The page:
It's official: Prince Harry and Meghan Markle's kids Archie and Lilibet have received the titles of prince and princess, respectively.

The news came subtly on Wednesday when the couple's spokesperson announced Lilibet's christening in a statement: “I can confirm that Princess Lilibet Diana was christened on Friday, March 3 by the Archbishop of Los Angeles, the Rev John Taylor.”

Buckingham Palace updated their website early Thursday to reflect the new titles. Now the siblings are referred to as Prince Archie of Sussex and Princess Lilibet of Sussex, whereas before they were listed as Master Archie and Miss Lilibet Mountbatten-Windsor.

Archie, 3, and Lili, 1, became eligible for prince and princess titles when their grandfather Prince Charles became King Charles following the death of Queen Elizabeth II in September. However, the king had not yet made it publicly official.

A letters patent issued under George V in 1917 allows for the grandchildren of the sovereign and the children of the Prince of Wales to have prince and princess titles. Earlier, as great-grandchildren of the queen, they weren't yet eligible, though Archie received the courtesy title of Earl of Dumbarton.

Archie and Lili's prince and princess titles are only for formal purposes and not everyday use, according to People.

The announcement comes in the wake of heightened interest in the Duke and Duchess of Sussex, who stepped back from their royal roles in 2020 and recently openly discussed their life in the Palace, and the fallout of their exit, in a Netflix docuseries and memoir.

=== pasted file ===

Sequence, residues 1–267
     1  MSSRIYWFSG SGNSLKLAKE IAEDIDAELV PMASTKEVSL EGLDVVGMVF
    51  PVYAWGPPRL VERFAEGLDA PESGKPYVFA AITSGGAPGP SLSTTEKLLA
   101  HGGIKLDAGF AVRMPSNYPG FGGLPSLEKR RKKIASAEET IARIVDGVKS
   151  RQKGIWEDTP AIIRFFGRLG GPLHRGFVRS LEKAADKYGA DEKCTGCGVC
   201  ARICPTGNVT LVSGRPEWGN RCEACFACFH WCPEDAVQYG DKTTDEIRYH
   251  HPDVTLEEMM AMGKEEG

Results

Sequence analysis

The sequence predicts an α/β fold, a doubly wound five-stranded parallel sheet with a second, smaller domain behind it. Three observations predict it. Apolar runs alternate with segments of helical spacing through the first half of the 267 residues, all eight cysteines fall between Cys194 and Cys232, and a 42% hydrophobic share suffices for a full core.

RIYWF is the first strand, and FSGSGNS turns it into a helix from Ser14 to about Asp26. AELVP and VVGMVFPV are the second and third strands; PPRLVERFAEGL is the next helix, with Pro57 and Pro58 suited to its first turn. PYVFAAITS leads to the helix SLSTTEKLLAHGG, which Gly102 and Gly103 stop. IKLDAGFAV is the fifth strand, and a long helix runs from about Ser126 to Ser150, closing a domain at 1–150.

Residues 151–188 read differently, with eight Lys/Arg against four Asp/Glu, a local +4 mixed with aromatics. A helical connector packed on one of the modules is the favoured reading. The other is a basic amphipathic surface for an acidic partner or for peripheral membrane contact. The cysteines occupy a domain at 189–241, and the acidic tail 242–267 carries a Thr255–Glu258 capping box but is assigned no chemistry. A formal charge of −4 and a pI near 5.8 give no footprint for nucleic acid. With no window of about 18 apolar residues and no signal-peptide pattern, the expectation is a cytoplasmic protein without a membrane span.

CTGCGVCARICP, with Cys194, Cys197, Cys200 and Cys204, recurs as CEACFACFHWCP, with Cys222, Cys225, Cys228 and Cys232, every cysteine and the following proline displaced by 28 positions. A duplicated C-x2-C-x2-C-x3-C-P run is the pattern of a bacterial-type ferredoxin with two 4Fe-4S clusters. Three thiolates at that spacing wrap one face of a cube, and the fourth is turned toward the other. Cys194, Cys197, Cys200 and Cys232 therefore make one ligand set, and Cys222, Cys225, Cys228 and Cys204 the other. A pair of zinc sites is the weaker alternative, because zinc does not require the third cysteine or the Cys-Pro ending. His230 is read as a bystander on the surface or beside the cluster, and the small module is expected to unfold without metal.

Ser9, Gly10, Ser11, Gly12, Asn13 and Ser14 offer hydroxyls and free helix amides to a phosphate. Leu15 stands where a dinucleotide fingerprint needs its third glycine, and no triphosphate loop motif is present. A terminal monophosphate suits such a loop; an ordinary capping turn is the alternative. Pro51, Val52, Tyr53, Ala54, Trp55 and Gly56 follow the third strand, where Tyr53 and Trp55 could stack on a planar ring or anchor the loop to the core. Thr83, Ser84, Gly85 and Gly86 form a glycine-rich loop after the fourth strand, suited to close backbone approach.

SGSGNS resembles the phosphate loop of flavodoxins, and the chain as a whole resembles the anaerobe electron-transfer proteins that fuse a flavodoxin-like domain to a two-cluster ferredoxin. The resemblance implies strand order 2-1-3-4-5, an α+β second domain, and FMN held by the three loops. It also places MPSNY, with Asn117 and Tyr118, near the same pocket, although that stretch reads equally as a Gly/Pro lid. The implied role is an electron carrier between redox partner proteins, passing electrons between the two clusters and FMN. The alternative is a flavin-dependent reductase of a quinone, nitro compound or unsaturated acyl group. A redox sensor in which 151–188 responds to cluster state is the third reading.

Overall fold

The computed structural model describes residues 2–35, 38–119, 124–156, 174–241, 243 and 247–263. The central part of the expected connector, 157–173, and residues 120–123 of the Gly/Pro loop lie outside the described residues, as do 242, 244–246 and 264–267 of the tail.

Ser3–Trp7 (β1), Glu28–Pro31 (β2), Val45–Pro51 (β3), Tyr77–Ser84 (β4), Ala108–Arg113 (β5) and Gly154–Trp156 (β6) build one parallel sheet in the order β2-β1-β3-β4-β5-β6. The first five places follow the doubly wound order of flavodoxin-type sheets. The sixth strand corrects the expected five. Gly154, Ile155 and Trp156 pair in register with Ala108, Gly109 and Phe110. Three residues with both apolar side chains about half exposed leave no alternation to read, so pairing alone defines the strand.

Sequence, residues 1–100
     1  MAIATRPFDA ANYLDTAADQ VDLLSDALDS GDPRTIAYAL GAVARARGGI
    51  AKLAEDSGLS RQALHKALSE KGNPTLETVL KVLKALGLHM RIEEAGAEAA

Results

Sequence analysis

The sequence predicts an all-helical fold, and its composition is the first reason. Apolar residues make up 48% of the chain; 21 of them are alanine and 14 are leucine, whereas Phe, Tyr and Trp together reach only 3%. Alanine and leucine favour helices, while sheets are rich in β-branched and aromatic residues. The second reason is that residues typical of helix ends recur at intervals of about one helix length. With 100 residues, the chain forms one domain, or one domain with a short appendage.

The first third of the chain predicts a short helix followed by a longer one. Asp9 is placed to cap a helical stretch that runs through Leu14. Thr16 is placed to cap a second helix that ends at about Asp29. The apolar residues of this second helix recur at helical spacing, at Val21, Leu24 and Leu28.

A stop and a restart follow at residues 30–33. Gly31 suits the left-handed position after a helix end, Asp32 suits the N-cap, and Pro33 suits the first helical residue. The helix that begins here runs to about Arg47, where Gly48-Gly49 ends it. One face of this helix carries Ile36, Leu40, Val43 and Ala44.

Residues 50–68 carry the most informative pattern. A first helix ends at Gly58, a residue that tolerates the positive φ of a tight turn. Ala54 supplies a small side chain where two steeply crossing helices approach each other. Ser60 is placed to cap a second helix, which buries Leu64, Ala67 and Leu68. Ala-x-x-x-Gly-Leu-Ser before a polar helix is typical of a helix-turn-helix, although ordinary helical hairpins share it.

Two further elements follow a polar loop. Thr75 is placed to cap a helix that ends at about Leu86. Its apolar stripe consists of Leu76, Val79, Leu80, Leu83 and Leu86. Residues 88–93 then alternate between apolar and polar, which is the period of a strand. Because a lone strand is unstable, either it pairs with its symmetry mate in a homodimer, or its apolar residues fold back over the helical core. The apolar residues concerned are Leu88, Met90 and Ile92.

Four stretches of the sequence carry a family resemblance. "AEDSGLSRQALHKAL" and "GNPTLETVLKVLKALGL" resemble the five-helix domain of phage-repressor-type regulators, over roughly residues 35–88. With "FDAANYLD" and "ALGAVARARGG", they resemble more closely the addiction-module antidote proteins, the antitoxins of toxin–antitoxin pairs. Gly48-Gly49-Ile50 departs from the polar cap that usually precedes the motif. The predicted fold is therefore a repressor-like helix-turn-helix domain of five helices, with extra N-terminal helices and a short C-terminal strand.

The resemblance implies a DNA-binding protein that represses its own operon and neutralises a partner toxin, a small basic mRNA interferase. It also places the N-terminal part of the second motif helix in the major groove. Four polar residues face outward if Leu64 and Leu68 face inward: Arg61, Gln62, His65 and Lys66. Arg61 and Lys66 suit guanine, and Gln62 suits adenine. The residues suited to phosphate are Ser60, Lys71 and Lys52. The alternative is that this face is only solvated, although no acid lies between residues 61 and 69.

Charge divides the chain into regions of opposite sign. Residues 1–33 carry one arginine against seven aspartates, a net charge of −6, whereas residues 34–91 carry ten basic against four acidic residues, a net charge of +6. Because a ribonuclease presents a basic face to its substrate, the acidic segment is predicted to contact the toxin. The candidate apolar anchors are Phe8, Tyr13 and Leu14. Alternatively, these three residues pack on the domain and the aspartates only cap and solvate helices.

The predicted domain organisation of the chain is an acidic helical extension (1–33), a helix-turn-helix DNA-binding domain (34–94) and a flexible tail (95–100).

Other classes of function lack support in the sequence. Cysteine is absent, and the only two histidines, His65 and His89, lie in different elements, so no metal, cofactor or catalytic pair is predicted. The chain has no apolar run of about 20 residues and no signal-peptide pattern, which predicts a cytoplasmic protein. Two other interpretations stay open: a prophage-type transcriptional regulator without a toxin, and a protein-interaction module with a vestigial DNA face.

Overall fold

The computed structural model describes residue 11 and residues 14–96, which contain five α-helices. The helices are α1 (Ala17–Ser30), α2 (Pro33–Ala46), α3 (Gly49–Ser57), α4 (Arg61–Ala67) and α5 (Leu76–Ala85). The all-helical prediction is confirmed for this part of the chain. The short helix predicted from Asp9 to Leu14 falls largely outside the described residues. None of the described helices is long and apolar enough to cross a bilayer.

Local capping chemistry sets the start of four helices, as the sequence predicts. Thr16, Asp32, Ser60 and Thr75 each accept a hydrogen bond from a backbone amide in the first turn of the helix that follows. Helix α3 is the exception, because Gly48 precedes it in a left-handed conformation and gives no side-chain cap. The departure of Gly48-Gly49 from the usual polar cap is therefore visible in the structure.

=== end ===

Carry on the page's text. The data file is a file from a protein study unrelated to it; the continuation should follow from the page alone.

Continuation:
When Archie was born in 2019, Buckingham Palace announced that Harry and Meghan decided to opt out of using titles for their children. However, in the couple's 2021 interview with Oprah Winfrey, Meghan clarified that the choice was made for them. “It was not our decision to make,” she said.

She added that they had some interest in using titles, not for the prestige but because of the security and protections that come with it. “They said [he's not going to get security], because he's not going to be a Prince,” she explained. “Okay, well, he needs to be safe so we're not saying don't make him a Prince or Princess, but if you're saying the title is what's going to affect that protection, we haven't created this monster machine around us in terms of clickbait and tabloid fodder you've allowed that to happen which means our son needs to be safe.”

Some members of the royal family have opted out of using royal titles. For example, Princess Anne, daughter of the late Queen Elizabeth, did not give titles to her children Zara Tindall and Peter Phillips.

Archie and Lili have not (yet) received HRH (his/her Royal highness) titles, and it's unclear if King Charles will allow it if they are not working royals. Meghan and Harry themselves who lost their HRH titles when they stepped back from royal duties. Still, this caused some friction with the Duke and Duchess of Sussex, again for security reasons. A source told The Sun in September, “But they have been left furious that Archie and Lilibet cannot take the title HRH. That is the agreement—they can be prince and princess but not HRH because they are not working royals.”

This story has been updated.

2023-03-09T15:13:21Z dg43tfdfdgfd